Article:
New figures which contrast sharply to those put out by the Office for National Statistics last week show that retail sales exceeded expectations and grew at the fastest pace since 2015.
The CBI Distributive Trades Survey shows that consumer confidence remains buoyant, with 59 per cent of retailers saying sales volumes were up in April compared to a year ago.
Meanwhile, 21 per cent said they were down, giving a balance of 38 per cent growth – the highest figure since September 2015’s 49 per cent.
The survey of 112 companies, of which 57 were retailers, also showed that orders placed on suppliers has risen at the strongest rate for a year and a half.
The figures come as the ONS last week released data that indicated the retail sector had recorded its biggest fall in sales for seven years in the three months to March, thanks to rising living costs eating into household spending.
On a three-month basis from January to March sales dropped 1.4 per cent, which the ONS called “the third consecutive decrease for the underlying 3 month on 3 month pattern.”
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On a month-to-month basis, sales dropped by 1.8 per cent, well below the 0.2 per cent expectation.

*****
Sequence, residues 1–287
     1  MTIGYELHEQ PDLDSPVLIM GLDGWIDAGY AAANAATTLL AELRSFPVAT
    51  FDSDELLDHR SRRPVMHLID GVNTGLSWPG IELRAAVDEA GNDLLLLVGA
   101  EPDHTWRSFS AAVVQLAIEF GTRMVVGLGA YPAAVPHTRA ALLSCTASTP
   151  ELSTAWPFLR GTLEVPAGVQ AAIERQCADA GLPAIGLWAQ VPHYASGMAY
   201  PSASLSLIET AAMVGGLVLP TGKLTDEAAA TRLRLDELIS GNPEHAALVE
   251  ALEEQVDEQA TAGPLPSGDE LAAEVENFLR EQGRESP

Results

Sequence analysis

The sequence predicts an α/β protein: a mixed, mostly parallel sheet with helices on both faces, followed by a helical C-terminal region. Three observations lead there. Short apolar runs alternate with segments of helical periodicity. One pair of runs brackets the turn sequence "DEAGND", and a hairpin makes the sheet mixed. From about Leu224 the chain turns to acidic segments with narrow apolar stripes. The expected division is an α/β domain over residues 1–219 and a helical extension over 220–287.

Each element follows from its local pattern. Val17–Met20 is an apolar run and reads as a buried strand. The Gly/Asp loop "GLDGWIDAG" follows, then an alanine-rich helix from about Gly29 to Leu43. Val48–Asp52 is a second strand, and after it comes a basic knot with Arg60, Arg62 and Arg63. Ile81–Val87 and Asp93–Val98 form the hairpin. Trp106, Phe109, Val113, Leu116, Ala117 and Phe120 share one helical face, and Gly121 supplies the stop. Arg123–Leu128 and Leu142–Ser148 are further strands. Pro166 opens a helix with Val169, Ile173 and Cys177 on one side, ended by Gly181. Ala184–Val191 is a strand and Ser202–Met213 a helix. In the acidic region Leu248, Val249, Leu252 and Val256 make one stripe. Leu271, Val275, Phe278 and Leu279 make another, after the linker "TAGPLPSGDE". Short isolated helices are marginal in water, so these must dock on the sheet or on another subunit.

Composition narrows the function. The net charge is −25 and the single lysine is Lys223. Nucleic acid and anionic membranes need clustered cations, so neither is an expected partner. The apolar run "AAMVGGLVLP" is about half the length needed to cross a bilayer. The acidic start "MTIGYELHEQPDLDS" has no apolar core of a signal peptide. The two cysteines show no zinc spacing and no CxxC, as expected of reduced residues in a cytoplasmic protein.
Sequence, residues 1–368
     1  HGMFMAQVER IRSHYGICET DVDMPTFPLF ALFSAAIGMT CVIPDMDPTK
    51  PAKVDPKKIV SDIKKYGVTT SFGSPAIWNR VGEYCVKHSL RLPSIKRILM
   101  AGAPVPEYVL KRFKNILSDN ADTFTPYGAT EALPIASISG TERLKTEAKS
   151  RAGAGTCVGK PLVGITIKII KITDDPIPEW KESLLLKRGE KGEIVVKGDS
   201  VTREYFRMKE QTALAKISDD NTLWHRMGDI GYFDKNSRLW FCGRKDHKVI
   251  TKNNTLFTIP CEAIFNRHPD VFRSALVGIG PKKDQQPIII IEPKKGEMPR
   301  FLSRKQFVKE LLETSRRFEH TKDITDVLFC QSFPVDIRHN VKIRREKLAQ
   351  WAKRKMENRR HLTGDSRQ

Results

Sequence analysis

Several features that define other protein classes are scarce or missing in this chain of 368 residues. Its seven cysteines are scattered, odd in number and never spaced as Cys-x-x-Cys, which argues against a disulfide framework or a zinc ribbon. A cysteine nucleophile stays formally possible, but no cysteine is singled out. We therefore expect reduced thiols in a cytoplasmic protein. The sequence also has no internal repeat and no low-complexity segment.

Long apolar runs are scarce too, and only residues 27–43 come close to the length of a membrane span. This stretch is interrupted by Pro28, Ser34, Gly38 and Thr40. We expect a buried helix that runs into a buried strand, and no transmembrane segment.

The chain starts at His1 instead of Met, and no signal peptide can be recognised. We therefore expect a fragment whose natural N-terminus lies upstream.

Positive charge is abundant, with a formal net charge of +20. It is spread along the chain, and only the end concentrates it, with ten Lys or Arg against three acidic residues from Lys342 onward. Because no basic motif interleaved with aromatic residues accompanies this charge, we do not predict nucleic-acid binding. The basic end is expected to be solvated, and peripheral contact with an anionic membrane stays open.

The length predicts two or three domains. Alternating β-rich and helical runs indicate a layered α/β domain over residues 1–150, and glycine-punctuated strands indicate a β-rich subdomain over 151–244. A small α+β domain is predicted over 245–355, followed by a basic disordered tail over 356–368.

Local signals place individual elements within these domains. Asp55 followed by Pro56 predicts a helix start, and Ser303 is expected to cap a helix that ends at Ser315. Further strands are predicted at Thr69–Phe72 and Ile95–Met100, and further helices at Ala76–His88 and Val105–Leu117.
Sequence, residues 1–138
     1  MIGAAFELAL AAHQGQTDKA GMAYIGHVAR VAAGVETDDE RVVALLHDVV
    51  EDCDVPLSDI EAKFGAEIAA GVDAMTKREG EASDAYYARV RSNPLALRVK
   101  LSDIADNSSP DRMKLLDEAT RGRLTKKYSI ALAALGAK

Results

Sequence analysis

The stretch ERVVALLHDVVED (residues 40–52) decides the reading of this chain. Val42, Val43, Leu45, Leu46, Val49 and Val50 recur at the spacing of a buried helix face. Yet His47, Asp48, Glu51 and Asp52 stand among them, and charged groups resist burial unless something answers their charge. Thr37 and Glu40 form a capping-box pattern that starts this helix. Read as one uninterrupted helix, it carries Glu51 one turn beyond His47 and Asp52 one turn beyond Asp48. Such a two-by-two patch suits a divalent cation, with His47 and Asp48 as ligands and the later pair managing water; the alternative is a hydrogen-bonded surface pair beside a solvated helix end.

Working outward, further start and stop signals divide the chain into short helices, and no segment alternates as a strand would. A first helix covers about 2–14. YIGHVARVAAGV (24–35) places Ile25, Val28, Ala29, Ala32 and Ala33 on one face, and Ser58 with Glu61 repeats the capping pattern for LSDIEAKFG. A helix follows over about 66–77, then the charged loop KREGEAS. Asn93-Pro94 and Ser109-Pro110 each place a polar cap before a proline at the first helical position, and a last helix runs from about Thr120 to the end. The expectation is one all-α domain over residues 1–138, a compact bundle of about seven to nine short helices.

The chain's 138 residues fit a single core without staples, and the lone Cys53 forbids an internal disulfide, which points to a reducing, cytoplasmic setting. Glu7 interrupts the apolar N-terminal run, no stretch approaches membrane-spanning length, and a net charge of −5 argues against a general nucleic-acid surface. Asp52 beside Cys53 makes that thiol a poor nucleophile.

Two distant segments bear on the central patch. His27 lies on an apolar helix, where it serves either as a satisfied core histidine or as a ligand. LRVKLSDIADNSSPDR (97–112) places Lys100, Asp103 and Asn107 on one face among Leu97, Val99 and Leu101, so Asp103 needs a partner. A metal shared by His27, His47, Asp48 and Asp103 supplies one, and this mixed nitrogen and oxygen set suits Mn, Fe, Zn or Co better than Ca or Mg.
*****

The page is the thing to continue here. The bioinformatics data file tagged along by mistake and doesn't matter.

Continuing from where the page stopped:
However, the CBI said April’s strong figures were better than expected, especially since the survey did not cover the peak shopping period over Easter.
Nonetheless, the CBI’s survey also showed that retailers expected sales growth to slow next month, with the index falling back to positive 16.
“The warm weather in early April might go some way to explaining the uptick, with sales by clothing shops and grocers driving overall growth,” CBI principal economist Ben Jones said.
“However, retailers are still cautious over the outlook, expecting slower growth over the year to May, as higher inflation eats into household spending.
“With price competition remaining fierce and rising costs squeezing margins, retailers face mounting pressures in the months ahead.”